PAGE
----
Latest Updates from the Mayor's Office of Housing (April 2022)
Mayor Wu Sends Transfer Fee Home Rule Petition to the Statehouse
Mayor Michelle Wu joined legislation sponsor State Representative Brandy Fluker Oakley, local elected officials, and residents to sign a home rule petition to implement a transfer fee of up to two percent on real estate sales of $2 million or more in the City of Boston.
Through the legislation, the first $2 million of the sales price on a home in Boston would be exempt from the fee. For real estate sales over $2 million, the fee collected will be paid by the seller. The funds generated will be allocated to the Neighborhood Housing Trust, which creates new affordable housing and preserves existing affordable housing.
Already passed by the Boston City Council, the bill now moves to the Statehouse, where it requires passage by the Massachusetts Legislature and the governor’s signature.
Based on 2021 sales in Boston, a two percent fee would have raised an estimated $99.7 million for housing, and would have only affected approximately 700 transactions.
Boston’s First Family Homeless Commission Formed
As part of her ongoing efforts to address the issue of homelessness in Boston, Mayor Wu has announced the formation of a Special Commission to End Family Homelessness, made up of non-profit leaders and experts from both City and state agencies. The commission will study local family homelessness and develop a plan to prevent and end family homelessness in Boston.
In 2020, a City ordinance was passed to establish a Special Commission to End Family Homelessness. The ordinance names members for the commission, including the Mayor of Boston, the City’s Chief of Housing, the City’s Chief of Health and Human Services, the Boston Public Schools Superintendent, as well as state seats for the Governor, the Secretary of Health and Human Services, the Secretary of the Department of Housing and Community Development, and representatives from the Boston Legislative Delegation, homeless service providers, and individuals with lived experience of homelessness or housing insecurity.
Since 2015 the City of Boston has reduced individual chronic homelessness by 19 percent, reduced Veteran homelessness by 32 percent, and has transformed the homeless services system into a coordinated network focused on helping the most vulnerable households. The City has helped to house over 15,000 people experiencing homelessness, housed over 1,000 chronically homeless individuals and more than 1,300 homeless veterans.
Rent Stabilization Advisory Committee Formed
Building upon her commitment to protect Boston renters, Mayor Wu has announced the formation of a Rent Stabilization Advisory Committee composed of housing advocates, developers, tenants, and other stakeholders. The advisory committee members will study local housing conditions as well as the structure and outcomes of rent stabilization programs in other cities. They will make recommendations to the Mayor and the Mayor’s Office of Housing on strategies to stabilize Boston rents and protect tenants from displacement. The committee will meet throughout 2022 with the goal of shaping a proposal for the State Legislature’s next session.
Rent stabilization measures in cities across the United States empower municipalities to set certain limits on annual rent increases for existing tenants, and may also include other tenant protections. These approaches promote the preservation of mixed-income neighborhoods and prevent renters from being pushed out of their communities.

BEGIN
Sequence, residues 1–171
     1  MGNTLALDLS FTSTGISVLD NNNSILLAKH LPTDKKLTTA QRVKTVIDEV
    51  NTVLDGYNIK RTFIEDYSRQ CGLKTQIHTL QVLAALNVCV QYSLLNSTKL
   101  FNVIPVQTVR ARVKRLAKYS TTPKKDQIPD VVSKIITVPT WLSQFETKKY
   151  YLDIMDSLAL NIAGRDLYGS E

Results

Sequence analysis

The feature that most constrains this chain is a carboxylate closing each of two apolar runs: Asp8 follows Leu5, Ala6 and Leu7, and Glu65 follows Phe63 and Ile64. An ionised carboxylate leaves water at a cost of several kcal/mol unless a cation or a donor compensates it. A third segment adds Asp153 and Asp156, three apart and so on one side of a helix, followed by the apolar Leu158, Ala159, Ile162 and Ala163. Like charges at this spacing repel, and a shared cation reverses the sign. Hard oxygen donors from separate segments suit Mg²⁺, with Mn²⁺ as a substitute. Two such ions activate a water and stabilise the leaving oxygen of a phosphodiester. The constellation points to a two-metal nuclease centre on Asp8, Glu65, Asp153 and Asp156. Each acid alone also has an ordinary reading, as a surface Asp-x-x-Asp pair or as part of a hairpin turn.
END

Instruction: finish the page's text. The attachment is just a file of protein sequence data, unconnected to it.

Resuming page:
This Advisory Committee will convene monthly to hear from experts on different rent stabilization models and City officials from the Mayor’s Office of Housing and the Boston Planning & Development Agency (BPDA) on local rental market conditions. The committee will also hold community listening sessions throughout the process to hear community perspectives on housing affordability challenges and potential solutions. The first community listening session will be held virtually on May 10. The public can RSVP here to attend.
Boston Awarded more than $38 Million in Federal Continuum of Care Funding
The City of Boston has received more than $38 million from the U.S. Department of Housing and Urban Development (HUD) to be distributed among 15 nonprofit organizations that provide critical services and support to Boston’s unsheltered residents. The funds will support the work of the nonprofits and advance Mayor Wu’s goals to end homelessness in Boston. This funding comes at a critical time for organizations providing services to homeless residents, and will bolster their ability to care for populations experiencing homelessness amid the COVID-19 pandemic.
The funding is made available through the U.S. Department of Housing and Urban Development (HUD) annual McKinney Homeless Continuum of Care awards, a grant program that the Mayor’s Office of Housing (MOH) has applied for and been awarded every year. Over the last seven years, MOH has grown the funding the city receives from this grant by more than 70 percent, from $22.6 million in 2015 to $38 million this year, as a result of their competitive application, and ability to deliver results together with partner agencies.
The City will allocate the HUD funding to organizations that offer a range of services and supports, including housing search, the creation of housing for chronically homeless people, rapid re-housing funds, and stabilization services to allow newly housed chronically homeless individuals to receive the support they need to succeed.